Climate change can also trigger other allergies, the AAAAI found. For example, more frequent floods and more extreme storms can leave buildings damp and at risk for mold buildup, which can trigger both allergies and lung disease.
Climate Change Harms Human Health https://t.co/ChUuuQVVOD @NRDC @YEARSofLIVING @greenpeaceusa @billmckibben @CleanAirMoms— EcoWatch (@EcoWatch)1521049045.0
By Bill Gottlieb
More than 24 million American children and adults suffer from asthma, which is when the respiratory "pipes" (bronchi) that carry air in and out of the lungs are inflamed and spasm. And every year, the disease sends more than 1.8 million people to the hospital, killing nearly 4,000 with severe, choking asthma attacks.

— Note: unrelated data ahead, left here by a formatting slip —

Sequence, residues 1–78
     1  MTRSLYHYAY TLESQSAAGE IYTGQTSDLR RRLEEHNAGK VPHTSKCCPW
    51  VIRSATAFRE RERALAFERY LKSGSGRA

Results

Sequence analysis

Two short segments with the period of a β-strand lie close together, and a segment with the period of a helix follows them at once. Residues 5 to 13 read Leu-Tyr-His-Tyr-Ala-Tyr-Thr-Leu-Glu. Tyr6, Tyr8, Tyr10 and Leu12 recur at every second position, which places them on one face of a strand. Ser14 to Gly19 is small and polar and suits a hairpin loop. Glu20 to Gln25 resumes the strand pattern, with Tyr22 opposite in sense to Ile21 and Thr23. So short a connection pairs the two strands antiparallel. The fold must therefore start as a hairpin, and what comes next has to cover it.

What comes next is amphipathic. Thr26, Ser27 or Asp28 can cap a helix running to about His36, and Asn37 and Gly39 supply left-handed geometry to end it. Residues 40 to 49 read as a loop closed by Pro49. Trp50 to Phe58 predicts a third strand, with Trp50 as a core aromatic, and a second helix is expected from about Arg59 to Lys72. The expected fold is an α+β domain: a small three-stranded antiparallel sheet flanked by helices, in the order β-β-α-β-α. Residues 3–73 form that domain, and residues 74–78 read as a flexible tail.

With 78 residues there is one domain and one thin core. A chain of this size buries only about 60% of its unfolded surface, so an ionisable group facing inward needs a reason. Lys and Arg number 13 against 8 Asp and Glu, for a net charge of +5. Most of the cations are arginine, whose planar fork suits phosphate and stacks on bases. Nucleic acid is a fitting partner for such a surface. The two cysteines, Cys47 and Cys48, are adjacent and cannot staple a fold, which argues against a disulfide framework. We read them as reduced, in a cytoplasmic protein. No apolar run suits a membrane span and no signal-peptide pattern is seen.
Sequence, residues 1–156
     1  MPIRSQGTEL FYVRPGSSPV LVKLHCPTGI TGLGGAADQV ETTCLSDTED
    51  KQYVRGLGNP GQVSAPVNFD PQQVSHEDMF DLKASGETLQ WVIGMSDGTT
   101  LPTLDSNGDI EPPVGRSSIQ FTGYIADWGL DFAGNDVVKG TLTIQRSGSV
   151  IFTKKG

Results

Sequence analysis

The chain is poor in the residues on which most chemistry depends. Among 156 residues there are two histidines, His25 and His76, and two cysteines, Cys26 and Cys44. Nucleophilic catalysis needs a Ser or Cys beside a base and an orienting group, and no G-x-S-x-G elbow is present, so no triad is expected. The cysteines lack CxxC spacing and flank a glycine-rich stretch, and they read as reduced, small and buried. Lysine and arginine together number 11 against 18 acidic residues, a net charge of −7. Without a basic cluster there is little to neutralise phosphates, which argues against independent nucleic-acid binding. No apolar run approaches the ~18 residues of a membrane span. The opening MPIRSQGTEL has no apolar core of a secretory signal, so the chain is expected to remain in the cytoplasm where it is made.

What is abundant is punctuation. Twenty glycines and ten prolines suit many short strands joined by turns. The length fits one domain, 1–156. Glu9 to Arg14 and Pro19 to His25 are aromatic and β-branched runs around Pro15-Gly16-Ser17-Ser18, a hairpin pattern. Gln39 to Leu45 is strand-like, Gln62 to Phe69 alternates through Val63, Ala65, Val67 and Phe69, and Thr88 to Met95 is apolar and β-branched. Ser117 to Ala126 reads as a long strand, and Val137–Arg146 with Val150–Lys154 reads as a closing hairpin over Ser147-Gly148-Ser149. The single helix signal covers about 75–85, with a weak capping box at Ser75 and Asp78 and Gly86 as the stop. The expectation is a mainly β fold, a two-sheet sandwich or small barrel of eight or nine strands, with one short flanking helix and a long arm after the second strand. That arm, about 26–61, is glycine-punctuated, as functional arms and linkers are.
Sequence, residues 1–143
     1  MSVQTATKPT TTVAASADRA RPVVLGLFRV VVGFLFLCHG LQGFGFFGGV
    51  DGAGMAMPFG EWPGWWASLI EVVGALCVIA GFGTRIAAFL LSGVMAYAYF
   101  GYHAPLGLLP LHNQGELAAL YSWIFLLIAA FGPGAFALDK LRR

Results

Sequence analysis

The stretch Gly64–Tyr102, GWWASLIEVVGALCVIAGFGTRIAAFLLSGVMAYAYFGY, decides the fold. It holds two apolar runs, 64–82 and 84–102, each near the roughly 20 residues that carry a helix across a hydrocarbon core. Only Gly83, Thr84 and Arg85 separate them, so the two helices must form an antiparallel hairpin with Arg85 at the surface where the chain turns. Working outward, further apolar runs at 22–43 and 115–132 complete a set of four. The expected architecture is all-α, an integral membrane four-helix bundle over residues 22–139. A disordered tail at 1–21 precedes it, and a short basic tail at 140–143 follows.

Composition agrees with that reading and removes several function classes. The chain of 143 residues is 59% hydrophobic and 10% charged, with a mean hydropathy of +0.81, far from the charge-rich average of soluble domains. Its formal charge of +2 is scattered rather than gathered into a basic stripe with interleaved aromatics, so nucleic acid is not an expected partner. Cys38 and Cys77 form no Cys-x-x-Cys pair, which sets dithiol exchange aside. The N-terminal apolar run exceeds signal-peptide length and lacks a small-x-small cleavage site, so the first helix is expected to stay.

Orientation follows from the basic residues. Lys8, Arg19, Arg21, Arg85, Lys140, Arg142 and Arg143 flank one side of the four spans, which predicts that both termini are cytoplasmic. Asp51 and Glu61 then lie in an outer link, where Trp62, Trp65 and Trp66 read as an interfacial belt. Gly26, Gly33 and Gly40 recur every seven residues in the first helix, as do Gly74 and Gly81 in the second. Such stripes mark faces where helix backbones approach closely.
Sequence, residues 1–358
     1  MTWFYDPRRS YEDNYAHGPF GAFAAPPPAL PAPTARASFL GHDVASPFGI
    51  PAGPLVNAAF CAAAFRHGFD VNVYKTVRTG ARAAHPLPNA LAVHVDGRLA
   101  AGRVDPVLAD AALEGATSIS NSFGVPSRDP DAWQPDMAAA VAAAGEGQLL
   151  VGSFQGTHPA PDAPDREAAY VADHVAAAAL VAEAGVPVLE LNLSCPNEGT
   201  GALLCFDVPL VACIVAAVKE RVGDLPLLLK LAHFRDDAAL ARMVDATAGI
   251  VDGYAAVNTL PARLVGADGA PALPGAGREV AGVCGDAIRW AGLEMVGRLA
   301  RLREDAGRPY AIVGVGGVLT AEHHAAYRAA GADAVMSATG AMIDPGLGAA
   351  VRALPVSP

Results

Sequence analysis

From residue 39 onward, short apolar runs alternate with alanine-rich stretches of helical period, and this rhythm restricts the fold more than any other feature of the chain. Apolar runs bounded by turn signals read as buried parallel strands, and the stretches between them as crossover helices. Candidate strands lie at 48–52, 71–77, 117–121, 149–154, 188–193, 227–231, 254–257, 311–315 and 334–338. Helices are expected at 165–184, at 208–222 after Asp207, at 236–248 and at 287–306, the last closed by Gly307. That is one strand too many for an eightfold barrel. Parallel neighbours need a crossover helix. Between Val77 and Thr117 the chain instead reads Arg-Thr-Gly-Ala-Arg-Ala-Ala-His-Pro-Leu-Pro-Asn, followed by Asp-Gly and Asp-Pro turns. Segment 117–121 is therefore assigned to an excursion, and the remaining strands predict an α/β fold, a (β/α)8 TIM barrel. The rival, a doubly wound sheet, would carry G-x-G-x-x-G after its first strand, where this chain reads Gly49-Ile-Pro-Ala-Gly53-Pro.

Fifty percent of people with asthma have attacks triggered by allergens, such as molds, dust mites and animal dander. Of course, you can have allergies without asthma. You can have hay fever (seasonal allergic rhinitis), which is when your immune system mistakes pollen from grass, trees or weeds for a foreign invader and revs up its defenses, triggering sneezing, red and itchy eyes, a stuffed and runny nose, and fatigue.
But whether you have asthma or asthma and allergies or just allergies, you may have noticed your condition is getting worse. The rates of asthma have increased over the past 25 years—the number of people with asthma has increased fourfold and the number of deaths from asthma attacks has doubled. And people with hay fever are noticing that every allergy season seems like the worst ever.